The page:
Eastern Europe

Country                    Flag                                   Capital City                              Language

 

 

Russia                                                            

 

 

 

 

Ukraine                                                            

 

 

 

Belarus                                                           

 

 

 

 

Estonia                                                         

 

 

 

 

Turkey                                                       

 

 

 

 

Moscow

 

 

 

 

Kiev

 

 

 

Minsk

 

 

 

 

Tallinn

 

 

 

 

Ankara

Russian

 

 

 

 

Ukrainian

 

 

 

Belarusian and russian

 

 

 

 

Estonian

 

 

 

 

Turkish

 

 

 

 

 

Monuments and Landmarks

Hagia Sophia (Turkey)                             The Motherland calls (Russia)

Red Square (Russia)                                       St.Andrew's church (Kiev)

Holidays in Eastern Europe

The Scarlet Sails

The Scarlet Sails is a celebration in St. Petersburg, Russia, the most massive and famous public event during the White Nights Festival. The tradition is highly popular for its spectacular fireworks, numerous music concerts, and a massive water show. This tradition began after the end of World War II, when several Leningrad schools united to celebrate the end of the school year in connection with the symbolism of the popular 1922 children's book Scarlet Sails by Alexander Grin. During the first celebration, a boat with scarlet sails sailed along the English Embankment and the Admiralty Embankment towards the Winter Palace. Although it was designed to update the rusty revolutionary propaganda, the "Scarlet Sails" tradition eventually evolved into a massive demonstration of freedom from "schools and rules" and has become the most popular public event annually celebrating the end of school year.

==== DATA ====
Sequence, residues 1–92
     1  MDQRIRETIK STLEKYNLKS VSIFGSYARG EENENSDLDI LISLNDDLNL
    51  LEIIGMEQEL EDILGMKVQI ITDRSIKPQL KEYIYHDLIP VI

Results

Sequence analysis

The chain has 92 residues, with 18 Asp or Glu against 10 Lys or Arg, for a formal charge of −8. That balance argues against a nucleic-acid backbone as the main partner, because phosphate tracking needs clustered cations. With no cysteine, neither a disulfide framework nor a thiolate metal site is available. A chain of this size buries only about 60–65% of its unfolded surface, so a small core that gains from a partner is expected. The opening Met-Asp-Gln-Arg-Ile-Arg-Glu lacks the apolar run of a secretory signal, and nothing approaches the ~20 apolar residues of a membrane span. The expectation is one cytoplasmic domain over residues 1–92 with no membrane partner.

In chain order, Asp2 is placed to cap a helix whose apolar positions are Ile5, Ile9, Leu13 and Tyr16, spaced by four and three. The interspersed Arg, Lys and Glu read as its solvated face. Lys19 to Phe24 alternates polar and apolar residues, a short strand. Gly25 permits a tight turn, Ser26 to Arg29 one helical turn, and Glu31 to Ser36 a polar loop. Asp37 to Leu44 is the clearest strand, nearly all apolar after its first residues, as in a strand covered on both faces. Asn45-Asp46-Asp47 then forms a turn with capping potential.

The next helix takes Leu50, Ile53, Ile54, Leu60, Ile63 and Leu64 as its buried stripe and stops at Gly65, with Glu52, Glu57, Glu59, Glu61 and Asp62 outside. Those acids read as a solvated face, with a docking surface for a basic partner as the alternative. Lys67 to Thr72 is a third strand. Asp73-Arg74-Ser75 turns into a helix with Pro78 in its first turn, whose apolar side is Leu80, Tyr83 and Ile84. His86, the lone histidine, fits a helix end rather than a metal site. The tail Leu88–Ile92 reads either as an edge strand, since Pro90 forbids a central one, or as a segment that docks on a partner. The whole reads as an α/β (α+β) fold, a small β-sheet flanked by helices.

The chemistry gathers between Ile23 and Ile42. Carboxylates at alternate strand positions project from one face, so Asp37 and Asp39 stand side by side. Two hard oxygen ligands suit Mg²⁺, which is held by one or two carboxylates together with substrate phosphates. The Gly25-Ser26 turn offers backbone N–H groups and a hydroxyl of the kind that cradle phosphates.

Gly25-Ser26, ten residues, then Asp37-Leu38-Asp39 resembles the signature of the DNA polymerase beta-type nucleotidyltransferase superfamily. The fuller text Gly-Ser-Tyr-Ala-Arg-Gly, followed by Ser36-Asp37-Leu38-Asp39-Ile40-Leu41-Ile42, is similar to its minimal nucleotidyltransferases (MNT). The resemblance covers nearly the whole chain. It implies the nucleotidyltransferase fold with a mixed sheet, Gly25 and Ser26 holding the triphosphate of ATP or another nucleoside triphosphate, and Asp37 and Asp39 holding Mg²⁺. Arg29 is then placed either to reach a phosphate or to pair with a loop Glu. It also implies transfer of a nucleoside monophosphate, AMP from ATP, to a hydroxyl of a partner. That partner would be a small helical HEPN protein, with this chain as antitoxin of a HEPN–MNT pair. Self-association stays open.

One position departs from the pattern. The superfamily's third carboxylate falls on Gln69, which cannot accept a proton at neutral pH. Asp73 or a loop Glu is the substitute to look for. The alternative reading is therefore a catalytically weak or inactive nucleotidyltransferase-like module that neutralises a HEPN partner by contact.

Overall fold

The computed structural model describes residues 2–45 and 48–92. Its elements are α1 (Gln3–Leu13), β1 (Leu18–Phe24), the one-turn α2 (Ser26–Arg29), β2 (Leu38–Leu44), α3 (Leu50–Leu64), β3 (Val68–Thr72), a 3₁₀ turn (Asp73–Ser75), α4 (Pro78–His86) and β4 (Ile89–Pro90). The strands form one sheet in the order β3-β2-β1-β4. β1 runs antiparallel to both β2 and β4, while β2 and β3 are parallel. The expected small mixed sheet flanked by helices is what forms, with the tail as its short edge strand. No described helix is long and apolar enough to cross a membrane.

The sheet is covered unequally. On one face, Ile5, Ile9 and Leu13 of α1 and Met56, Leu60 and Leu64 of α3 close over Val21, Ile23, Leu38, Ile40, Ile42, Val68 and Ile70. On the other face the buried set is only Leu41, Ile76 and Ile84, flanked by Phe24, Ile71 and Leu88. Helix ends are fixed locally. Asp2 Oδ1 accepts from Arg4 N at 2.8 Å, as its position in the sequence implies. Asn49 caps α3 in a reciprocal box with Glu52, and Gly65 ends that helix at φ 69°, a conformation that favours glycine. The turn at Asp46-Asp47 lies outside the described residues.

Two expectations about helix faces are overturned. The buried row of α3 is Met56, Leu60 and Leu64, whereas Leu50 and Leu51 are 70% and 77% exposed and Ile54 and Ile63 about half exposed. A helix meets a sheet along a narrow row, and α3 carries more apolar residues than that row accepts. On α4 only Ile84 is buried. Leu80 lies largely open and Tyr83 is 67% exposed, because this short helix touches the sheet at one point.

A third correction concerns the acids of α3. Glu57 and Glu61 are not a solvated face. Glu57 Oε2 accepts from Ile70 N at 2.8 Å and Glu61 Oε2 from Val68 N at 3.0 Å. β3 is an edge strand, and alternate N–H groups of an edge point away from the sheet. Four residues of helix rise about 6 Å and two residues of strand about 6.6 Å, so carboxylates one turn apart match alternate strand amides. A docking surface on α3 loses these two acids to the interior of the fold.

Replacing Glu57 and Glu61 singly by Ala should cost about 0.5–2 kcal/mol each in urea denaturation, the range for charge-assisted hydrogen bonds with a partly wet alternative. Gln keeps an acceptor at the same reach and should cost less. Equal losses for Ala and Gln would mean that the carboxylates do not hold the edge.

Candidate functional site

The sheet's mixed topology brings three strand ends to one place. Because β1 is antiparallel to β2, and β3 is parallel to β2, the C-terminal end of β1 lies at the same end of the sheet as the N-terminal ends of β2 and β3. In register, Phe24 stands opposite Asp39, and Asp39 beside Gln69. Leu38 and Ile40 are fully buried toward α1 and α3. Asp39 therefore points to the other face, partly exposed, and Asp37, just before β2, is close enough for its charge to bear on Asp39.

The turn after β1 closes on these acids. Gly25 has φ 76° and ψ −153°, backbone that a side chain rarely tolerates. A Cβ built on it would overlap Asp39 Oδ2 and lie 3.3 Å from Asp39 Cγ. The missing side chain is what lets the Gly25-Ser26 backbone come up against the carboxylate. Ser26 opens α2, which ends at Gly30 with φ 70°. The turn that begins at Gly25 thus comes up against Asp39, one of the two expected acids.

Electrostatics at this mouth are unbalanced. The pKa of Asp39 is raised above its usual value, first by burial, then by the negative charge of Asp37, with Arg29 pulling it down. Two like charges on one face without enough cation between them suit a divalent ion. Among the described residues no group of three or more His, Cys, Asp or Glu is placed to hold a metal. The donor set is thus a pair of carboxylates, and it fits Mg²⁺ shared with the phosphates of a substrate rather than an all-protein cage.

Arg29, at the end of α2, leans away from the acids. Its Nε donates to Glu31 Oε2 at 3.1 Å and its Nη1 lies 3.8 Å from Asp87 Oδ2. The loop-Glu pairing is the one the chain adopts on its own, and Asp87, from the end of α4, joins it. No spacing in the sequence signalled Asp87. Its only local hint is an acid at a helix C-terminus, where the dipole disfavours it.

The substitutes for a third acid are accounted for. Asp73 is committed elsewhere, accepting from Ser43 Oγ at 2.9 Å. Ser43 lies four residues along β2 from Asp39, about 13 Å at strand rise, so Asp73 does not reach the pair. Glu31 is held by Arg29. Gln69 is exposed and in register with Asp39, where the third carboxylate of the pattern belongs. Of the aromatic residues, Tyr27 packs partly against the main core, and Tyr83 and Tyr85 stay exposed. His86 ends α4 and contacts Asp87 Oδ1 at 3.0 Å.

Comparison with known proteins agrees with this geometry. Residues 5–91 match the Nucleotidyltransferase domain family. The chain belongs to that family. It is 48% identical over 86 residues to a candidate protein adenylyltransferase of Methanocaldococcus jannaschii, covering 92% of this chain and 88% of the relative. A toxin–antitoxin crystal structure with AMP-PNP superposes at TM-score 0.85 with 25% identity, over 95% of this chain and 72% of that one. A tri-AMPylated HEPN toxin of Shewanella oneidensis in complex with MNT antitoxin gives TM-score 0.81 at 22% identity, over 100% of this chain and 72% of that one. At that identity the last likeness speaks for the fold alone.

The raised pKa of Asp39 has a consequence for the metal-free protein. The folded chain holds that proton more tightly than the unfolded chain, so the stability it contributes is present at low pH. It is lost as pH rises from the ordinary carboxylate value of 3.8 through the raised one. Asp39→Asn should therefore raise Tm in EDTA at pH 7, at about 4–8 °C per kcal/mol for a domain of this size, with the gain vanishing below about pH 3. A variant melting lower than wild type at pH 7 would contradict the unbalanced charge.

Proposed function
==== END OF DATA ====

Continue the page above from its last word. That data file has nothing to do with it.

Maslenitsa

it is an Eastern Slavic religious and folk holiday. It is celebrated during the last week before Great Lent—that is, the seventh week before Eastern Orthodox Pascha (Easter). Maslenitsa corresponds to the Western Christian Carnival, except that Orthodox Lent begins on a Monday instead of a Wednesday, and the Orthodox date of Easter can differ greatly from the Western Christian date.Maslenitsa has its origins in both pagan and Christian traditions. In Slavic mythology, Maslenitsa is a celebration of the imminent end of the winter.